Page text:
Loss Of Licensed Content Is An Underrated Crisis For Netflix

Ever since Netflix (NFLX: $354/share) launched its first original series with House of Cards in 2013, the streaming service has put its original content front and center. Executives cherry pick impressive stats for their originals (without giving access to comprehensive viewing data), and their quarterly reports now regularly feature charts showing the Instagram followers of young actors launched to fame through Netflix originals.

Given all this emphasis on originals, it might come as a surprise that licensed content accounts for nearly 2/3 of viewing hours on Netflix. Despite spending billions of dollars on original content, Netflix still relies heavily on classic shows like The OfficeFriends, and Grey’s Anatomy.

Figure 1: Licensed Content Use Dominates Netflix Originals

Source: 7Park Data

As legacy media companies pull these shows to launch their own streaming services, Netflix could lose much of its value to consumers just as the competition heats up.

The Value of Licensed Content

Netflix has been preparing for the loss of its licensed content for years. As the company’s Chief Content Officer, Ted Sarandos, said on the company’s Q4 2018 earnings call:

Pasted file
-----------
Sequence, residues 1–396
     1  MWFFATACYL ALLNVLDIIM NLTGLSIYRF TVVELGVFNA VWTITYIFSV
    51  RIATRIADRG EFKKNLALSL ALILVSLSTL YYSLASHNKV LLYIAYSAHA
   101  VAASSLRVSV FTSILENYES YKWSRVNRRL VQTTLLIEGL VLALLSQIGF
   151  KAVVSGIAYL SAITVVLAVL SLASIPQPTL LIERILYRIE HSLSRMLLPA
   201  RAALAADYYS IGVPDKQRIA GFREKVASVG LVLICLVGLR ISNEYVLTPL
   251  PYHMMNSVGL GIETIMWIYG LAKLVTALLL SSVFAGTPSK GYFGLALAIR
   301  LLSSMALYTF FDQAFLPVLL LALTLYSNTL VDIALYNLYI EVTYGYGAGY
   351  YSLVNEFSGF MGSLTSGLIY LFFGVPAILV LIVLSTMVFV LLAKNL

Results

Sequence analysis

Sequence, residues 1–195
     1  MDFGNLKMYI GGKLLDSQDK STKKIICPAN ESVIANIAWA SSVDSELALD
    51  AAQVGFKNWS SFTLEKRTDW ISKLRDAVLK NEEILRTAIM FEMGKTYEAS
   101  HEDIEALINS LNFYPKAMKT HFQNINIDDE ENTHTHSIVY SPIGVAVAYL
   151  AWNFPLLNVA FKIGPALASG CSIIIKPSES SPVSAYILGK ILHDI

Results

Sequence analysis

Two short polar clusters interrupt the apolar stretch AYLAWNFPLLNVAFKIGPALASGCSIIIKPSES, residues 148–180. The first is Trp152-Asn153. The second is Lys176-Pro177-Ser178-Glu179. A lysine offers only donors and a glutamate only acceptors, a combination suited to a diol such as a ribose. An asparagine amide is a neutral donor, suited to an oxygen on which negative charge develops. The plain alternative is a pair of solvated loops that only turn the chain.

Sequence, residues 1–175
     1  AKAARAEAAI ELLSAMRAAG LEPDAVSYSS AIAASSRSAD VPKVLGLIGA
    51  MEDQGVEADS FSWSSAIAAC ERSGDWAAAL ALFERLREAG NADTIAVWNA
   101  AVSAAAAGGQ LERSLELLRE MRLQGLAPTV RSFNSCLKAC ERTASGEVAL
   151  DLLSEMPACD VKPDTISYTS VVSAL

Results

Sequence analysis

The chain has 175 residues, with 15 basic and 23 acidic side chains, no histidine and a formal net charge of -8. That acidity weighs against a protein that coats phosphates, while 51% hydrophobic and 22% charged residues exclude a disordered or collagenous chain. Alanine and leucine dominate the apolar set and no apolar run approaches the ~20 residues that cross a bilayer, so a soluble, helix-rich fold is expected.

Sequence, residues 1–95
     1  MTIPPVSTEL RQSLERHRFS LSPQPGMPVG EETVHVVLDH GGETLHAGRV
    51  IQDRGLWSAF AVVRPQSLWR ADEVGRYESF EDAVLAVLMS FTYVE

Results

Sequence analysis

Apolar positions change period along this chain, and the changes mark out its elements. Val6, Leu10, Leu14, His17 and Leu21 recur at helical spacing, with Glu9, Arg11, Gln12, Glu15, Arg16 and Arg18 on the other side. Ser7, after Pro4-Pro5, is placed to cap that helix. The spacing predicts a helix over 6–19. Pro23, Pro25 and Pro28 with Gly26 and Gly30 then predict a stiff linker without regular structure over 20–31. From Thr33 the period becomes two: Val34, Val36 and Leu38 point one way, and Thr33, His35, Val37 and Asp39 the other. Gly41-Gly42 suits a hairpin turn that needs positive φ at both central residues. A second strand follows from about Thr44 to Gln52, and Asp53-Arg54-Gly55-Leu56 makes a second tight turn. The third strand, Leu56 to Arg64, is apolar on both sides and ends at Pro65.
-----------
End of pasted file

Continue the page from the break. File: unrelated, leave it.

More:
“Our early investment in doing original content more than six years ago was betting that… there would come a day when the studios and networks may opt not to license us content in favor of maybe creating their own services.”

However, the company’s push into original content hasn’t ended its reliance on licensed content. As Figure 2 shows, licensed TV shows accounted for 3 of the top 4 streaming series on Netflix for November 2018.

Figure 2: Most Streamed Shows on Netflix in the U.S. for November 2018

Source: 7Park Data

Netflix reportedly paid $100 million to keep Friends on its service for 2019, more than triple its previous licensing fee of $30 million. While that’s a hefty price tag, Figure 2 shows just how critical the classic sitcom is to Netflix’s subscriber base. Even though it’s been off the air almost 15 years, it still gets watched more than the vast majority of Netflix’s new releases.

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Disclosure: David Trainer, Sam McBride and Kyle Guske II receive no compensation to write about any specific stock, sector, style, or theme.

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